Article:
Pitch and Tone Quality

Another thing that affects the tone quality of a whistle is the pitch. For example, the song of a Common Ground-Dove, which has a low pitch, sounds very different from the sibilant, high-pitched whistle of an alarm call of the American Robin.

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Common Ground Dove calls

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American Robin alarm call


Noise is essentially sounds containing so many different wavelengths that they are indistinguishable. This gives a rough quality to bird songs and calls and shows up as a vertical blur on a sonogram. Take, for instance, the call 0f the Red-tailed Hawk, which sounds rough because it has so much noise.

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Red-tailed Hawk call


A trill is a repetition of an element at a fast rate. When I say element, I mean a specific sound. This sound can be a distinct, separate note or one long, wavy note. Trills can sound very different depending on pitch, sharpness of inflection and rate. The trill of a Swamp Sparrow is fairly loose and musical.

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Swamp Sparrow Song

As notes start to be repeated even faster, the trill often takes on a burry quality like the “breep” call of this Great Crested Flycatcher.

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Great Crested Flycatcher Call

When the rate of a trill gets even faster than that, a call or song often starts to sound buzzy like the “peent” call of the American Woodcock.

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American Woodcock call


A bird can sometimes sound nasal if it produces multiple sounds at once, which our brains then process as a single sound. Each of these sounds is called a partial. For example, the Red-breasted Nuthatch has a call that sound nasal.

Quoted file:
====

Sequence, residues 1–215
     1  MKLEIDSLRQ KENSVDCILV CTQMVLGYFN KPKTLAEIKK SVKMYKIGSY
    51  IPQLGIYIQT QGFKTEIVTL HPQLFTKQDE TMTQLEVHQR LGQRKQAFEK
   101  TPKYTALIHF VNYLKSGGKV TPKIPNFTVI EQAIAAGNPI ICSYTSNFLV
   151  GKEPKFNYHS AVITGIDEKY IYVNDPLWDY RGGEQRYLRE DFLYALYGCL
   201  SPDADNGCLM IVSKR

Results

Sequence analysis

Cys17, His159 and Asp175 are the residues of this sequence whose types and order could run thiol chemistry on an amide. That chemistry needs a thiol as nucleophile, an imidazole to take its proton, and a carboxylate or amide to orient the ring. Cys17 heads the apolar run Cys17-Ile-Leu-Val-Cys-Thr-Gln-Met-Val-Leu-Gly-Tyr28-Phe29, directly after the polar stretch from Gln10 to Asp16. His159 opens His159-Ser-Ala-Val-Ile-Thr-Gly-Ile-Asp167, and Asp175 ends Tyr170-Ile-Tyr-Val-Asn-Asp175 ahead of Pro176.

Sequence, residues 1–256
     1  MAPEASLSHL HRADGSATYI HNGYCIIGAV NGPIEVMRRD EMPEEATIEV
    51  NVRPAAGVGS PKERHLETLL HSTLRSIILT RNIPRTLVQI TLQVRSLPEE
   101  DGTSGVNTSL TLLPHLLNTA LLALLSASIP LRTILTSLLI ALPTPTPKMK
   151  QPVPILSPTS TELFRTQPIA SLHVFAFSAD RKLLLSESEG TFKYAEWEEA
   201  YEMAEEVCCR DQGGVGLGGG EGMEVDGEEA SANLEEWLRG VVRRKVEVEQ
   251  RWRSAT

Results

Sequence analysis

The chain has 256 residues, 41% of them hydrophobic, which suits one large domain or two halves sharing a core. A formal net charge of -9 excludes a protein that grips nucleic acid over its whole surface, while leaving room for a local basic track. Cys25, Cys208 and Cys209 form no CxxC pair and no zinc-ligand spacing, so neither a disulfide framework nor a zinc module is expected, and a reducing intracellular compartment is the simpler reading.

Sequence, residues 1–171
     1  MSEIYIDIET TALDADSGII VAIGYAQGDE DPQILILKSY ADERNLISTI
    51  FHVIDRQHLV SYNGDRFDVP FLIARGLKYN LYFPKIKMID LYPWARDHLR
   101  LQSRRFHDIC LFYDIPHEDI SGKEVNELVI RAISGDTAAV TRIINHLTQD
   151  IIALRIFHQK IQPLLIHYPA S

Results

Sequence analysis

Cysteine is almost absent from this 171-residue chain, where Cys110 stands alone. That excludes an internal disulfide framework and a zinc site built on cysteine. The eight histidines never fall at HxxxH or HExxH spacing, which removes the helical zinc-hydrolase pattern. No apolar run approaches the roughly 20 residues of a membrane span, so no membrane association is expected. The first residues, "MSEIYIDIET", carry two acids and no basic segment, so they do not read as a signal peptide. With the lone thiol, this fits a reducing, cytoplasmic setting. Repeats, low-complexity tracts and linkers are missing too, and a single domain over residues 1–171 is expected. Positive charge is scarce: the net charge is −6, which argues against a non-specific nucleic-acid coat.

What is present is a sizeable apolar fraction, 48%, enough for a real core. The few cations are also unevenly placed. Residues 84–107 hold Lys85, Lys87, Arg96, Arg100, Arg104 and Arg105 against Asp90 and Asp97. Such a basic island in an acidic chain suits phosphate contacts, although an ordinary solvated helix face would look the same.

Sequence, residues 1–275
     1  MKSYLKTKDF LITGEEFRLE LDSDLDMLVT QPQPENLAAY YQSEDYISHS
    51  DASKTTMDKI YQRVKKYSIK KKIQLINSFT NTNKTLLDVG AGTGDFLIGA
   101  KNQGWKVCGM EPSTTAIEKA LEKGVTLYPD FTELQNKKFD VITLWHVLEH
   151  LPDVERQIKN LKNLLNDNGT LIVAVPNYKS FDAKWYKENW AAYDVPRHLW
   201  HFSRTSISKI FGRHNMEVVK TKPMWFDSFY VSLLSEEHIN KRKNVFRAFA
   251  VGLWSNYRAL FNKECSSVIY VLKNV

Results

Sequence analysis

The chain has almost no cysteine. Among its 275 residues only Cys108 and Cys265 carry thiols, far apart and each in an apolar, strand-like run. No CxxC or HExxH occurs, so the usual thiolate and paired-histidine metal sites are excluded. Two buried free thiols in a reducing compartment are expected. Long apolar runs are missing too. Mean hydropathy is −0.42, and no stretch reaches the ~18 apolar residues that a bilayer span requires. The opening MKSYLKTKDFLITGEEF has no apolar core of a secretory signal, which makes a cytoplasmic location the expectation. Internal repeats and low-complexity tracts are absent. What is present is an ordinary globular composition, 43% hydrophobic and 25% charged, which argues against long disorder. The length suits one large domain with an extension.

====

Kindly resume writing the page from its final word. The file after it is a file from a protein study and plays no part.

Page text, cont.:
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Red-breasted Nuthatch call (ones towards end, not shorter ones)

However, a bird’s call can have partials but not sound nasal. This can occur if the fundamental (lowest) partial is the loudest. Additionally, the call can sound piercing rather than nasal if the second from the bottom partial is the loudest like in the call of this Killdeer.

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Killdeer call

Voice Breaks

Some birds have voice breaks, in which the pitch rapidly changes mid-note. This is evident in the call of the Red-shouldered Hawk.

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Red-shouldered Hawk call


One final piece about reading sonograms. Some birds, especially finches, produce two sounds at the same time that conflict rather than producing partials like a nasal sound. This is known as polyphony and can be identified by rising and falling notes at the same time on a sonogram. A great example of this is the call of the Hermit Thrush.

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Hermit Thrush call

Thanks to for the information.

Thanks to for sonograms and sounds.